My asexuality has never been a mystery to me. In my private life, it was more-or-less common knowledge. However, in the public sphere of my work as a model, I hadn’t announced it. While I don’t believe that anyone has to announce their sexuality or lack of it, staying quiet meant that there was a disparity between my public persona and my private one. Considering that I tried to use my modeling to spread a message about breaking stereotyping, defying norms and staying true to yourself felt like I wasn’t practicing what I preached.
In 2017, I came out publicly (on YouTube like a good millennial), with a video on entitled, Things Asexual Girls Don’t Like to Hear. The response I received was largely positive, a little negative, and rather curious. Since people have learned that I’m asexual, I’ve been met with questions along the lines of, “If you’re asexual, why do you do lingerie shoots?” as though the asexuality and lingerie modeling are completely incompatible – as though being an asexual lingerie model doesn’t make sense. I can understand why people have that impression. There was a time where it didn’t make sense to me either.
“Look at the camera like it’s your boyfriend…”
I used to hear that line a lot from male photographers during my early modeling days when lingerie and boudoir modeling was my main focus. It was their way of telling me to flirt with the camera, to appear more sensual and create the illusion that this was an intimate scenario for the predominantly male audience.
At the time, I was under the impression that lingerie shoots were the only jobs I would be able to book, due to my body shape, but I struggled to meet the expectations of the predominantly male photographers. Such comments had me thinking, “I don’t know how I’d look at a boyfriend, I don’t have boyfriends, and I’m not interested in having a boyfriend.” But, of course, I couldn’t say that, so I pretended.
I feel like I did a lot of pretending back them. Arguably, models are meant to pretend; it’s just part of the job in order to sell the product or the idea. But the idea I was selling was that I was a lustful damsel waiting to be ravished. Feigning sexualised feelings specifically to titillate a male audience as an asexual person, to me, was comparable to being vegan and modeling for Burger King…a lot. Not just smiling with a burger, but expressing a sincere longing for a burger.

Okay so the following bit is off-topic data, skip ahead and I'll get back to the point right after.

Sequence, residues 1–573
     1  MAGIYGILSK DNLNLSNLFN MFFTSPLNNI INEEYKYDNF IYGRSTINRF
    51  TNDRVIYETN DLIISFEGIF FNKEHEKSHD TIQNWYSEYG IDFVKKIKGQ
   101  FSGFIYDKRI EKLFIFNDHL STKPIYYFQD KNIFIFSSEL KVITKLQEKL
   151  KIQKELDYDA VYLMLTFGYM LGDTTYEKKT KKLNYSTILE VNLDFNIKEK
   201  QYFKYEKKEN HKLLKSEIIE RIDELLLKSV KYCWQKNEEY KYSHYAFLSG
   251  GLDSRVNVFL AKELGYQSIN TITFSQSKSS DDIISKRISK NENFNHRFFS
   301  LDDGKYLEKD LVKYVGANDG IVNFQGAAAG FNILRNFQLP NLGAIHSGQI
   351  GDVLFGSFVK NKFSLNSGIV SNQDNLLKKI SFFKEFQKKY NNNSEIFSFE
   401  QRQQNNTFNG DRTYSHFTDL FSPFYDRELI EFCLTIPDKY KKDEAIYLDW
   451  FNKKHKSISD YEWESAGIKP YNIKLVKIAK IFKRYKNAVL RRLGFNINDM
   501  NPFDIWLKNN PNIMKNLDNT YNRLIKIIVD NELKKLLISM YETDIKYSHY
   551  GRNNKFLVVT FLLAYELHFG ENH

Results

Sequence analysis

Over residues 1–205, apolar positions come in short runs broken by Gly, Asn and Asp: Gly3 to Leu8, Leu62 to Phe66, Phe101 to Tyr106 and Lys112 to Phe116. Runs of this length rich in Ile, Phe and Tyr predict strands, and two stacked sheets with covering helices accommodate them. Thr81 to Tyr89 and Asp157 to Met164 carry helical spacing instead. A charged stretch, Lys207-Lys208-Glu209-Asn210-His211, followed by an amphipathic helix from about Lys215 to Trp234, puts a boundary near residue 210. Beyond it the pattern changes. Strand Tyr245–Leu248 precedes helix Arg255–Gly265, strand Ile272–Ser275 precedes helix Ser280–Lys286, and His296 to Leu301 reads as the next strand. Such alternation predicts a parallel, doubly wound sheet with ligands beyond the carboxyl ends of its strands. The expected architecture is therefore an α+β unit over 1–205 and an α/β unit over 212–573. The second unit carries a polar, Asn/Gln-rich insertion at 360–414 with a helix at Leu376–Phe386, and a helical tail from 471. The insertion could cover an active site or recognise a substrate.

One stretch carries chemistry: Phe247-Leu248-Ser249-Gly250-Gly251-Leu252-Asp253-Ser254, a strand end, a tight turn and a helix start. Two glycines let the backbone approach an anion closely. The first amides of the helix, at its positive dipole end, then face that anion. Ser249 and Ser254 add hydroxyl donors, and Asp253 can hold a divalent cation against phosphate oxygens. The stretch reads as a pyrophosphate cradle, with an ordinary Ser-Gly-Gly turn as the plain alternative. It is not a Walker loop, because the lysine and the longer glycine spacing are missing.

The photographers I worked with had no negative criticisms about my performance, but others in the industry had made comments that my work wasn’t provocative or suggestive enough and that I would need to up my game to compete against models who were willing to do more.
After coming out publically, I had to re-evaluate my approach to modeling, specifically the more risqué genres. I decided that I would not participate in shoots that were designed by someone else specifically to stir another’s sexual fantasies. When I do lingerie shoots now, it’s because the lingerie compliments the vibe of the shoot, and because I’m a fan of the lingerie designer and their work aligns with my personal ethos.
As you would expect, this made me feel more true to myself in my work, but it also cost me a lot of opportunities. The most devastating was when I had the opportunity to model for a British brand that I had been a fan of since I was a teenager. I had spent years trying to get their attention, but when I finally did, I had to turn it down. The shoot was specifically for their lingerie line’s Valentine’s campaign, and I would have to play a submissive person in their BDSM theme. I haven’t had the opportunity to model for them again.
However, I have still had the opportunity to collaborate with other brands since then, and I’ve grown even more confident in the idea that asexuality and lingerie modeling are not incompatible. In fact, I believe that it contributes to the public representation of asexual people in a positive way. One of the reasons why I was adamant to come out as asexual publically was to provide some representation for asexual people in the media as we really don’t have a lot of it.
There seems to be a misconception that there is something wrong with asexual people. We are seen as being prudish, unliberated, afraid of sex and intimacy, possibly damaged or traumatised in some way, unlovable or unloving. Any instance where there’s a character without a sexualised arc, it’s usually because they’re evil, inhuman, or infantile. When asexuals in the public sphere are open about their identity, they show just how diverse asexual people are, and what asexuality really looks like. My modeling work allows me to challenge preconceptions that people have about how asexual people are.
The idea of never shooting lingerie again after coming out never crossed my mind. People can sexualise anything, no matter what you’re wearing, no matter how you appear, no matter how you behave, especially if you’re a woman. While I avoid participating in photo shoots aimed at sexually enticing people, the idea of restricting my own self-expression for other people? Well, that really is against my ethos.